An independent audit of Northport's accounting policies found several deficiencies, which village officials said they are already correcting.
The village sought the audit as the final stage of improvements made since 2009, when a former village treasurer wrote herself checks totaling nearly $150,000 and claimed it was overtime, said Henry Tobin, deputy mayor and commissioner of finance.
"That led us to review all the policies that we had concerning money," Tobin said. "The village had been using the same system for years. It was an older system, perfectly legal, but hardly state of the art."
The audit, conducted by Hauppauge-based Albrecht, Viggiano, Zureck & Company PC, focused on rooting out any remaining deficiencies that put Northport at risk financially.
It identified three weaknesses, including that the village has not sufficiently tracked its capital assets and related factors such as depreciation. Assets include properties and vehicles the village owns.
According to auditors, minimal tracking can leave the village vulnerable to misappropriation of assets.
"There is a potential for misuse or misallocation of borrowed capital project funds, jeopardizing the village's bond rating and the tax exempt status of the bonds, and violating local finance law," the audit reported.
Auditors also found that the books and records were not being closed on a timely basis, resulting in accounting records not being accurate, which can lead to financial decisions being made before records are reconciled.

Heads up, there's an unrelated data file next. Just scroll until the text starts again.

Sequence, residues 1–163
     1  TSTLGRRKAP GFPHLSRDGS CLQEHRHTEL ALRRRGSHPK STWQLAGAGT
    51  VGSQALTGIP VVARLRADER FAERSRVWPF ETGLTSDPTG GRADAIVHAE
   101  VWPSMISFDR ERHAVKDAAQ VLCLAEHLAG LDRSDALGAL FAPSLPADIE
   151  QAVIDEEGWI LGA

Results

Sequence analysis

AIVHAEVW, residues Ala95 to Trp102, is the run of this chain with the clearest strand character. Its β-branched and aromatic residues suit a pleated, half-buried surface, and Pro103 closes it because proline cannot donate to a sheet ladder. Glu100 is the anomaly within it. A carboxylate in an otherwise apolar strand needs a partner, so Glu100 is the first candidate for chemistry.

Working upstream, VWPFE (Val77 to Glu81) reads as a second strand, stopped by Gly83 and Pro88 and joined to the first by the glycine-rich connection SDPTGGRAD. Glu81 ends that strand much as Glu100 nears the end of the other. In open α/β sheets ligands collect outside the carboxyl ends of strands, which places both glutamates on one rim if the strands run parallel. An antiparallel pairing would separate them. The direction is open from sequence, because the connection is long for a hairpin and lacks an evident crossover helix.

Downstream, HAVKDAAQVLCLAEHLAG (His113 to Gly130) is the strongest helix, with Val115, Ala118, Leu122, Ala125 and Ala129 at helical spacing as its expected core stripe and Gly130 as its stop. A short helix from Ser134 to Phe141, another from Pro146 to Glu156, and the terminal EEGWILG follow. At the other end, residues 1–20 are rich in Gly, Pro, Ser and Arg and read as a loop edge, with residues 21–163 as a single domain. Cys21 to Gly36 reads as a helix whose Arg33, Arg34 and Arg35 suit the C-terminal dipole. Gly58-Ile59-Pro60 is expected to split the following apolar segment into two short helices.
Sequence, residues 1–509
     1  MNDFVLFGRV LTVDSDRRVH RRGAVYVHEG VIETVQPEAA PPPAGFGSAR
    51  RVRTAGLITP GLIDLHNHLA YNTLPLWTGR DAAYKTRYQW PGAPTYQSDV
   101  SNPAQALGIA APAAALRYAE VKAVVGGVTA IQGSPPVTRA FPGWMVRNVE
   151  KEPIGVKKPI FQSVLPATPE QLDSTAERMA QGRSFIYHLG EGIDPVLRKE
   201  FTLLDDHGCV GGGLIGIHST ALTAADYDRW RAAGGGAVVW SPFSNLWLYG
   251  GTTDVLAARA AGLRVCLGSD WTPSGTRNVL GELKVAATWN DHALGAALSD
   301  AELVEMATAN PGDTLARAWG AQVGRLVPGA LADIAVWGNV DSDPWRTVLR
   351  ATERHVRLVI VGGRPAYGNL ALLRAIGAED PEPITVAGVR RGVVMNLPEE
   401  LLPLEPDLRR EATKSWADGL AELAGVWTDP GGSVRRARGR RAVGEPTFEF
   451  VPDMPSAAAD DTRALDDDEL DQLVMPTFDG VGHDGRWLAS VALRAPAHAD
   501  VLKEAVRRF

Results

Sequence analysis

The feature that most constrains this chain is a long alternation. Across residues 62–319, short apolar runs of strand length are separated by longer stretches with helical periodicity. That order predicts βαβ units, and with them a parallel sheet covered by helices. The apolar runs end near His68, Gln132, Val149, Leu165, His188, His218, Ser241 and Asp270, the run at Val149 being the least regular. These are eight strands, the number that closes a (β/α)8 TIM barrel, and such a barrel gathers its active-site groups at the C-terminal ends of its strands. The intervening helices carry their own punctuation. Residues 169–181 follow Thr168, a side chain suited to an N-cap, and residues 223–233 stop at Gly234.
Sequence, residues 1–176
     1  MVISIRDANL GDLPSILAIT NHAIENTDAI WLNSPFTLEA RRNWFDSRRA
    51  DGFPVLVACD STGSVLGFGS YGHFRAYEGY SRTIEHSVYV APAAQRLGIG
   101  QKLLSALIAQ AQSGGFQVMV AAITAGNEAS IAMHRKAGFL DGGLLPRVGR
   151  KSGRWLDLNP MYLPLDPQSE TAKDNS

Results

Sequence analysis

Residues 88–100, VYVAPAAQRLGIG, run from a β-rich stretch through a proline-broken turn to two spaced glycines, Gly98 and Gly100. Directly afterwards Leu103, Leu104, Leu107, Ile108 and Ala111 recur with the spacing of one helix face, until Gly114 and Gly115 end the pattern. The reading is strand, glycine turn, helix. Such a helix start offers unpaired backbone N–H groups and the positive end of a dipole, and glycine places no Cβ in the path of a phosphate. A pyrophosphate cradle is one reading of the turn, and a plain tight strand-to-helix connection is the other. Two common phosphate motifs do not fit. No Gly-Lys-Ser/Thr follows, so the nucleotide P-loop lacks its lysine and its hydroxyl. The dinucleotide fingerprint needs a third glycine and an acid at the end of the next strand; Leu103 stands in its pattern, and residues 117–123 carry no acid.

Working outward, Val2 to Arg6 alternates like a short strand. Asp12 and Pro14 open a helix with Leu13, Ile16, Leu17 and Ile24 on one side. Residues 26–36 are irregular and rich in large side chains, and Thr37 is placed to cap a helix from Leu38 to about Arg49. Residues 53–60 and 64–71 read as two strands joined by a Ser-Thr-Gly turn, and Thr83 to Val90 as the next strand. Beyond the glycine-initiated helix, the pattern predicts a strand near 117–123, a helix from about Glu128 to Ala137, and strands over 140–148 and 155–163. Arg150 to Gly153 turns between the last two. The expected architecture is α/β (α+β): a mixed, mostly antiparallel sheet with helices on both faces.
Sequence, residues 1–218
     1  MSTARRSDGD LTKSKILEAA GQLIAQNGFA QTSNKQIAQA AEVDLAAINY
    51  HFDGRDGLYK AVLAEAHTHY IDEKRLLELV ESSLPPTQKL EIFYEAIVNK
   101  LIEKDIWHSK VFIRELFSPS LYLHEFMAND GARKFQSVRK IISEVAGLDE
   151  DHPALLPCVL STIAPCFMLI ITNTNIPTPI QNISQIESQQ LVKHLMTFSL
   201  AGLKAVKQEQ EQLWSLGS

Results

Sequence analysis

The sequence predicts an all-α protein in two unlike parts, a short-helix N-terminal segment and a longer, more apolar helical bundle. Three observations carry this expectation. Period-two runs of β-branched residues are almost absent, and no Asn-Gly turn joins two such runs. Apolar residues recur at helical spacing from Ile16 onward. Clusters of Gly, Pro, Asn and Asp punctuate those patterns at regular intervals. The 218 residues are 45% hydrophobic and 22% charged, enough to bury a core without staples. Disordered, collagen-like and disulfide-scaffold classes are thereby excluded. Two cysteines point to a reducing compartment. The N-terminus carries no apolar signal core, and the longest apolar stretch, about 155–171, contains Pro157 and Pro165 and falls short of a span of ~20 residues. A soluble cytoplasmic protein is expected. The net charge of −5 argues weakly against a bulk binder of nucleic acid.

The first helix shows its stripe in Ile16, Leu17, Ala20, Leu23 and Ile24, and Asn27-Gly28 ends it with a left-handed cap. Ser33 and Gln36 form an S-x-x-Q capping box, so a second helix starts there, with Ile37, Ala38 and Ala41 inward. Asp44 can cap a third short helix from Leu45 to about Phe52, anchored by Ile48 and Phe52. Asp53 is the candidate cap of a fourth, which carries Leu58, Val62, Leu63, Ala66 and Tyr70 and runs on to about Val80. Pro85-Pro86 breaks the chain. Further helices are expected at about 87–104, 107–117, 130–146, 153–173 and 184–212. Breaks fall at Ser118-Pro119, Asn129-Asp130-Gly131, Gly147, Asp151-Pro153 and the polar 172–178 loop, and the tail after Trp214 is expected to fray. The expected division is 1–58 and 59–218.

The audit also found the village wasn't making timely deposits in the justice court fund. That has since been corrected, according to the audit.
The village has hired an experienced CPA as its treasurer and is hiring a part-time accountant to focus on the recommendations, Tobin said.
He said the village has implemented many internal checks and balances since the village discovered former employee MaryClaire Krumholz had written herself $149,500 in checks she said were for overtime beyond her $60,000 annual salary. She said she had permission for the overtime from a former deputy mayor.
"Since then there has been no indication that any money has been lost or misspent," Tobin said. "We succeeded in our primary goal, which was maintaining responsible control over the public funds."
Tobin said one of the first changes made was to start requiring two signatures for all checks. Previously, the village had only required two signatures for checks of more than $5,000. Krumholz wrote herself checks for amounts less than $5,000, Tobin said.
The village is pursuing reimbursement for the money taken by Krumholz. She could not be reached for comment.